Power and Resistance require the use of plyometric movements and deceleration Exercises:
My initial advice is as follows:
It is important to note that a recent study concluded that total muscle mass decreases by nearly 50 percent for people between the ages of 20 and 90. On average, people lose about 30 percent of their strength between ages 50 and 70, and another 30 percent of what's left per decade after that. Generally, people lose about 1 percent of their lean muscle mass per year after age 40. BALANCE is a huge issue in the age group you are discussing. Deceleration and exceleration exercises are excellent for building resistance and power as well as maintaining strong balance. As I tell my clients…."gravity is not your friend". Simple examples of exercises Aging Woman can engage in the will increase resistance and power but not simply gain muscle mass: Control your decent and rise using your CORE muscle groups with as much explosive energy as you can muster.
1.) Sitting down in a stable chair, such as a kitchen or wooden chair in as fluid and controlled manner as possible. My coaching is you want your gluteus to touch the chair so lightly that you barely hear the sound of you coming into contact with the chair ( this is adding deceleration movement which is resistance related ) . 15 sets x 3
Next, rise with power using the CORE muscles, leading with the hips, gluteus and quads but also using the abdominals to stand strong and pull your shoulder blades together into perfect posture.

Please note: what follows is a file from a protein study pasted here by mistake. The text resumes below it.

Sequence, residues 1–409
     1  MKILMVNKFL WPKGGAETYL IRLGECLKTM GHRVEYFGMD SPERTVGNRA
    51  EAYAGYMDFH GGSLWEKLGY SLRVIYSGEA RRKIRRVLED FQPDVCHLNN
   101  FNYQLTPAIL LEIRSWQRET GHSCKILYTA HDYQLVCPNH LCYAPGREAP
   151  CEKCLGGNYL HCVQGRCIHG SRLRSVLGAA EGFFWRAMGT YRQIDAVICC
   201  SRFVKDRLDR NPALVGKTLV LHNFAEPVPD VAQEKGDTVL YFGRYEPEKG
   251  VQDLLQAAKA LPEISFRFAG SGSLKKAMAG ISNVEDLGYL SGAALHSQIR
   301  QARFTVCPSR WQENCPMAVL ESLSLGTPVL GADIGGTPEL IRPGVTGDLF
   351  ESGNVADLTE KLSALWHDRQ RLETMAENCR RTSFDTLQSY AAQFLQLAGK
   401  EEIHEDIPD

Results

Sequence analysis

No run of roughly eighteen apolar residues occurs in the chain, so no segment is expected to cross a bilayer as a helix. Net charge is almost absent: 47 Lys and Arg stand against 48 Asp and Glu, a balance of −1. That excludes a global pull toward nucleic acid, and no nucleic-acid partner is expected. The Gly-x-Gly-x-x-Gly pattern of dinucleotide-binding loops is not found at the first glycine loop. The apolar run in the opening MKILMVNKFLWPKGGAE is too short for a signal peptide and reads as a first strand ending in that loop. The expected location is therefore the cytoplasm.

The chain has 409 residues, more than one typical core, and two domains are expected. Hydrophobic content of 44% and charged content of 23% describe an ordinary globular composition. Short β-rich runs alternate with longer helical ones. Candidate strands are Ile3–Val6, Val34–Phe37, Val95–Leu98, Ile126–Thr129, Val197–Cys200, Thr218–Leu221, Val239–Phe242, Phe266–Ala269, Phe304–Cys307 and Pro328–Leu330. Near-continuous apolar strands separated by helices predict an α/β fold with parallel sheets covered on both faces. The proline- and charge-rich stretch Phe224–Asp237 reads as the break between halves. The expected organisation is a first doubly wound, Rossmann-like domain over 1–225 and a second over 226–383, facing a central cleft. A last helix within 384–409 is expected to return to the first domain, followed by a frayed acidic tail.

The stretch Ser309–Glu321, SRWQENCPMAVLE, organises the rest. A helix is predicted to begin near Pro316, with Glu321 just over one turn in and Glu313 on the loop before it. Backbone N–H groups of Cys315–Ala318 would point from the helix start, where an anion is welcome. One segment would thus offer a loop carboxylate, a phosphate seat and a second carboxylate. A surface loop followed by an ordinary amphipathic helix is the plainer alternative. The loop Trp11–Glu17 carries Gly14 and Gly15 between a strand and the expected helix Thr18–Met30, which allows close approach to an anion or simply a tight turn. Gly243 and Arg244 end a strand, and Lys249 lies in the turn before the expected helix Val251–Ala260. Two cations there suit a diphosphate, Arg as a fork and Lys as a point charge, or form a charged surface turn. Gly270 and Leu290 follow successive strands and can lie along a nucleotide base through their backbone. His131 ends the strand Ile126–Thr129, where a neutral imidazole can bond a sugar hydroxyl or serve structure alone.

The rise should be as explosive as possible ( this is adding plyometric movement which is power related ) Hesitate in this strength position ( long enough to speak the word "strong" ). repeat 15 sets x 3
2.) An excellent exercise for CORE legs and arms is a plank. Beginning on feet and elbows the woman should simply hold a plank position. As her strength and balance increases she can begin to lift on leg at a time for 15 repetitions on each leg . This supports balance glutes and arm strength. As she progresses further she can come up onto her hands and hold a full plank. As she progresses from the full plank to the leg lift her balance and stability will be greatly challenge and improved. In this scenario the leg lift is the explosive movement = power. The plank is the resistance portion because gravity is opposing force and one is holding their body weight in opposition to the floor. ( this exercise can begin with simply timing yourself to hold the plank for 30 seconds, to the leg lift to working on arms not elbows with the leg lift ).
3.) An inexpensive purchase is a large work-out blow up type of stability ball you can get them even at Walmart or Target. They come in various diameters. The client places the ball behind her back against a wall. Pressing her back into the ball she is instructed to lower herself with control ( graceful deceleration ) into a squat position knees over ankles and as low as she is comfortable and then rise with explosive power engaging her abs, pushing the ball into the wall with her CORE and squeezing her gluteus. Repeat 15 repetitions.
4.) Weighted soft balls are also available from increments of 1 up to 10 pounds. I have my clients stand and pass with power these balls over head leaning left when the ball is in the left hand and leaning right when the ball is in the right hand. This is a rib to hip movement and works arms as well as obliques. It improves coordination, maintains muscle mass, involves exceleration - throwing the ball to your opposite hand as hard as you can, and deceleration catching and controlling the ball as you transfer it hand to hand and do a side standing scrunch. Rib to hip. This movement can also transfer to the waist level and again throw left to right and back. ( repetitions should be 20 to keep the movement even x 3 sets )
5.) If the woman has access to a gym, really any of the simple Cybex types of row machines, or chest press that control movement are also wonderful. Just keep the weight light and focus more on control movement of movement.